Well, I suppose a few words of fatherly advice are in order. There are mighty few young people who go into marriage with any real idea of what it means. They get their notion of it from the clouds where they live while they are engaged, and naturally about all they find out there is wind and moonshine; or from novels which always end just before the real trouble begins, or if they keep on, leave out the chapters that tell how the husband finds the rent and the wife how to make over last year’s coat to look stylish for this season. But is quite easy to get all the facts about matrimony; part of them are right in the house where you spent your childhood, and the neighbors have the rest. Someone has said that you’ve got to have leisure to be unhappy. Half the troubles in this world are imaginary and never happened, but it’s oftener these than the real troubles that break a young wife’s or a young husband’s heart. There are a few folks who can be happy idle when single but married, they have to have something to do or there’s trouble. A woman can find fun from the cellar to the nursery in her own home but with nothing to do but gad around the streets and she’ll find discontent. A man can ride 3 miles on a bus to his job in the morning and find happiness at the end of every trip but he can chase it all over the world in a steam yacht without ever catching up with it. There is usually an idle man or an idle woman in every divorce case. As some wag once remarked “when the man earns the bread by the sweat of his brow, it’s right that the woman should perspire a little baking it.” It’s good to have money and the things money will by, but it’s good too, to check up once in a while to make sure you haven’t lost the things that money won’t buy.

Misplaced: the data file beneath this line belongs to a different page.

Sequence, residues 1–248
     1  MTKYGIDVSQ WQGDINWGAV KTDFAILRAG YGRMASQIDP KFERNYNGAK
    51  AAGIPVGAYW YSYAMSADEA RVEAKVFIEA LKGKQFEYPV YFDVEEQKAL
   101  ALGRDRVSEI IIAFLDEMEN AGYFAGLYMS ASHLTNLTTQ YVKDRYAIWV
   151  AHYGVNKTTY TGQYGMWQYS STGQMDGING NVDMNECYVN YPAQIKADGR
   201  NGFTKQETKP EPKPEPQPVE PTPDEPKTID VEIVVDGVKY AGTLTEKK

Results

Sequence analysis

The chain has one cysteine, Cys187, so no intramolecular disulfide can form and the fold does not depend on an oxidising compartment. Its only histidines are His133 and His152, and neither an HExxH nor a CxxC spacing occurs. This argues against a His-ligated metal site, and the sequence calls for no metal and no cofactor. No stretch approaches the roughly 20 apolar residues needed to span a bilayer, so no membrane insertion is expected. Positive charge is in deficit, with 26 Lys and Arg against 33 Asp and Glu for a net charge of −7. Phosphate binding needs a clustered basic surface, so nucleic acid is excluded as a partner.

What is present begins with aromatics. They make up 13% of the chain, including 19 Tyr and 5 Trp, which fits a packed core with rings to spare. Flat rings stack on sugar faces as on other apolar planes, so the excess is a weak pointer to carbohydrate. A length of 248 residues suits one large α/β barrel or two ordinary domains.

I guess that’s enough of that for this letter which according to the rules, should be just full of sweetness and joy, but marriage is not so much the fulfillment of all one most fondly desires as the beginning of a sacred and serious relationship that in union, can become far bigger than either one can accomplish alone, and it is that bigger fulfillment that, of course, I am hoping you will attain together.

There, I haven’t written at all the kind of letter I should have liked to have turned out on this important day, but there is a lot of truth in the saying “too full for utterance “, and you will both have to read between the lines all the good things that I have left unsaid.